ATHENS — Cade Mays looked angry coming out of the tunnel, his game face still on beneath his Georgia football helmet following a Sugar Bowl win over Baylor.
The Bulldogs were on the right side of the scoreboard, 26-14. But Mays had his hands full all night, surrendering two sacks and battling Big 12 Defensive Player of the Year James Lynch and a veteran Bears’ D-Line.
Smart’s choices for player representation are often telling.
Jake Fromm, who recently decided to forego his senior season, was rarely made available the final month of the regular season after his confidence was shaken following a home win over Kentucky that included halftime boos.
Smart said in December the players felt interviews were a “large burden” and “taxing,” explaining why he had closed practices the final month of the season and muzzled players during the bowl prep in Athens.
So as Mays stood before the cameras at the Mercedes-Benz Superdome for what would be his last video interview as a Georgia player, some wondered if this could be a sign he would assume captainship of the offensive line.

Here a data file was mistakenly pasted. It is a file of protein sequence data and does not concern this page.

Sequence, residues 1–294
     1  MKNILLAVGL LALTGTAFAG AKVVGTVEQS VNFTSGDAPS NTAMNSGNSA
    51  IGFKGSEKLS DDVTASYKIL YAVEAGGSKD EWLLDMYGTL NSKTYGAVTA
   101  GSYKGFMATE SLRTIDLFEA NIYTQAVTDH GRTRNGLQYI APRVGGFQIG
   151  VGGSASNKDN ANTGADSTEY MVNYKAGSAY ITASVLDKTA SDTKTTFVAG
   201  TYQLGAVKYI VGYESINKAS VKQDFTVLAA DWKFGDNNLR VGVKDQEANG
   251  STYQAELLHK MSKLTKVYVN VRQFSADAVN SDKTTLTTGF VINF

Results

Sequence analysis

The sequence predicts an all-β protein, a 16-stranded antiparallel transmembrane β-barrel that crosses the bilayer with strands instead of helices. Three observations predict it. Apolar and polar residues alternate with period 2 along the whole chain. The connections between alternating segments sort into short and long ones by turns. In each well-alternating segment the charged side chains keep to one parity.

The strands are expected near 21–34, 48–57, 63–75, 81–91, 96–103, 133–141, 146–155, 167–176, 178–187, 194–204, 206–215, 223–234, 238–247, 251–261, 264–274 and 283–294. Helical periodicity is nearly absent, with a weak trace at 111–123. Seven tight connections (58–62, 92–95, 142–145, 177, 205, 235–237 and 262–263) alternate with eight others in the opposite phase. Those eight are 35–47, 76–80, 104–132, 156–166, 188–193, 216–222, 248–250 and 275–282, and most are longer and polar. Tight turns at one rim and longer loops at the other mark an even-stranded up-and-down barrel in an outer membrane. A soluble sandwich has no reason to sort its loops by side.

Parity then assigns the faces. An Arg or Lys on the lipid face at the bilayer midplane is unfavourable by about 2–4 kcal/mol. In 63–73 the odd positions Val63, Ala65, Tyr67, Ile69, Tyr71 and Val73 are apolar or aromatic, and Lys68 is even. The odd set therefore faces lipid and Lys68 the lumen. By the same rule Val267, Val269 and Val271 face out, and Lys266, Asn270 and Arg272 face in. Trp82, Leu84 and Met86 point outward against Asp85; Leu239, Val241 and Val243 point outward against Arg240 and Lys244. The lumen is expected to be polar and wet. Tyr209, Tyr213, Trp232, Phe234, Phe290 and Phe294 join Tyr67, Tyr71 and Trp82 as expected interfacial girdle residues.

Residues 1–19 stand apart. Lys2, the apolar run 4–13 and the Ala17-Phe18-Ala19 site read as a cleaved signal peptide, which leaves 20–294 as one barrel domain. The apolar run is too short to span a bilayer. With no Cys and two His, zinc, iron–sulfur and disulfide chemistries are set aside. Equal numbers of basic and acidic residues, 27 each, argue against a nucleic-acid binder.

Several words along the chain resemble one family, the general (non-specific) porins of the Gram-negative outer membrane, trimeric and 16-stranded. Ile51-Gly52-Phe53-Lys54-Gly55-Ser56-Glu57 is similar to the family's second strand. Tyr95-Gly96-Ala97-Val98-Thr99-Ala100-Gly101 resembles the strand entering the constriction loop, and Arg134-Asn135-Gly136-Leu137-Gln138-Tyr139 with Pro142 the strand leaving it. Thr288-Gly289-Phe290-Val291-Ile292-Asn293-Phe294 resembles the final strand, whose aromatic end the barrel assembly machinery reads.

Cade Mays final video interview as a UGA player, 12-28-19
Mays started 11 of 14 games for the No. 5-ranked Bulldogs this season, lining up at each of the offensive line positions as well as tight end and fullback at different points.
Mays spoke enthusiastically about Matt Luke, who joined the Georgia coaching staff to replace Sam Pittman as O-Line coach after Pittman was hired as Arkansas’ head coach.
“I’m just trying to lead the group,” Mays said, “just trying to get those guys ready, get them confident.”
Those words rang familiar from Mays.
Rocky Top recruit
Some 2 1/2 years earlier, Mays stood in the lobby of the Tennessee football building during one of the busiest recruiting weekends. His message was for the best players in the Volunteer State to stay home and play for the Big Orange, just like he planned to do.
Mays was the cornerstone of a recruiting class of commits that ranked atop the SEC at the start of the 2017 season.
Cade Mays, circa 2017, a proud Tennessee commit and recruiter
A 5-star prospect from Knoxville Catholic High School, Mays’ father, Kevin, was a team captain under College Football Hall of Famer Phillip Fulmer.
But Mays was more than just another recruit. He represented hope Tennessee could continue its ascension under then-coach Butch Jones.
The Vols had cracked the Top 10 for the first time in nearly a decade after a Hail Mary win at UGA in 2016 and closed that season with a third straight bowl victory and record-setting offense.
By November of 2017, the winds had changed atop Rocky Top.